Notes Ochoa Gets Club Endorsement

By Associated PressJune 26, 2007, 4:00 pm
2007 U.S. WomenSOUTHERN PINES, N.C. -- Lorena Ochoa might have been the only No. 1 player in golf without an equipment deal, although it was not as simple as signing on the dotted line.
 
The Mexican star already had endorsement deals that occupied the front of her hat (Banamex), her golf bag (Aeromexico) and her shirt (LaCoste), three of the best billboards for a golfer. Ping still managed to work out a deal Tuesday.
 
Ochoa, who has been playing Ping equipment for the last 10 years, finally will get paid to use it under a multiyear agreement that varies slightly from most Ping contracts. Terms were not disclosed.
 
Ping usually gets its logo on the hat and the bag. In this case, Aeromexico remains the dominant logo on the golf bag, with seven Ping logos built around it.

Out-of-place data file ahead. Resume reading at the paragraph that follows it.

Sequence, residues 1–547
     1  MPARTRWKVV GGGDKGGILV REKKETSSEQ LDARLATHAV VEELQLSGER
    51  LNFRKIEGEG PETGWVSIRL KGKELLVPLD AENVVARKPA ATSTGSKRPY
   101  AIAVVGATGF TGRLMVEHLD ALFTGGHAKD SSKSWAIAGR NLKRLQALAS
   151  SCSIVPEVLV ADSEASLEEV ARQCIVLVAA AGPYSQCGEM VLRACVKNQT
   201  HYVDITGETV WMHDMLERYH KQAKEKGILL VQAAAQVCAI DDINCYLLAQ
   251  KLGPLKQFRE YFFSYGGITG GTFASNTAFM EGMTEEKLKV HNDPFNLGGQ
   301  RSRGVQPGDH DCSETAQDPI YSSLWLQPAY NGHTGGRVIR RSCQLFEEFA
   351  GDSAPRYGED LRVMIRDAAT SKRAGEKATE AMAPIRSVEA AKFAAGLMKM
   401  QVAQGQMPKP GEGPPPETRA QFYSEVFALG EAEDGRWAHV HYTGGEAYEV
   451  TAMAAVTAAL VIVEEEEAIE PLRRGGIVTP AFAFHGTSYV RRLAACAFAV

'This is different for us,' said Chance Cozby, director of tour operations for Ping. 'We're at a point where we can use her in our marketing message, and she had a lot of global exposure. We had to go outside the box to create a unique deal.'
 
Ping requires its staff players to use at least 11 clubs, with the driver and putter mandatory. The Phoenix-based company will give Ochoa whatever time she needs to find the right putter. The rest of the equipment already was in place.
 
'They've been really loyal to me. I've been loyal to them,' Ochoa said. 'Every time I got to Ping in the offseason, they always take care of me. If there's some company that I'd like to represent, it would be them.'
 
The deal took root in April at the Golf Writers Association of America annual dinner, where Ochoa was honored as female player of the year. John Solheim, chairman and CEO of Ping, was in the audience that night and was moved by Ochoa's classy acceptance speech.
 
'He came back to the house and said, 'Let's get moving on this,'' Cozby said.
 
GOING TO THE DOGS:
The final major on the LPGA Tour might be the biggest of the year. For the first time, the Women's British Open will be held on the Old Course at St. Andrews, the home of golf.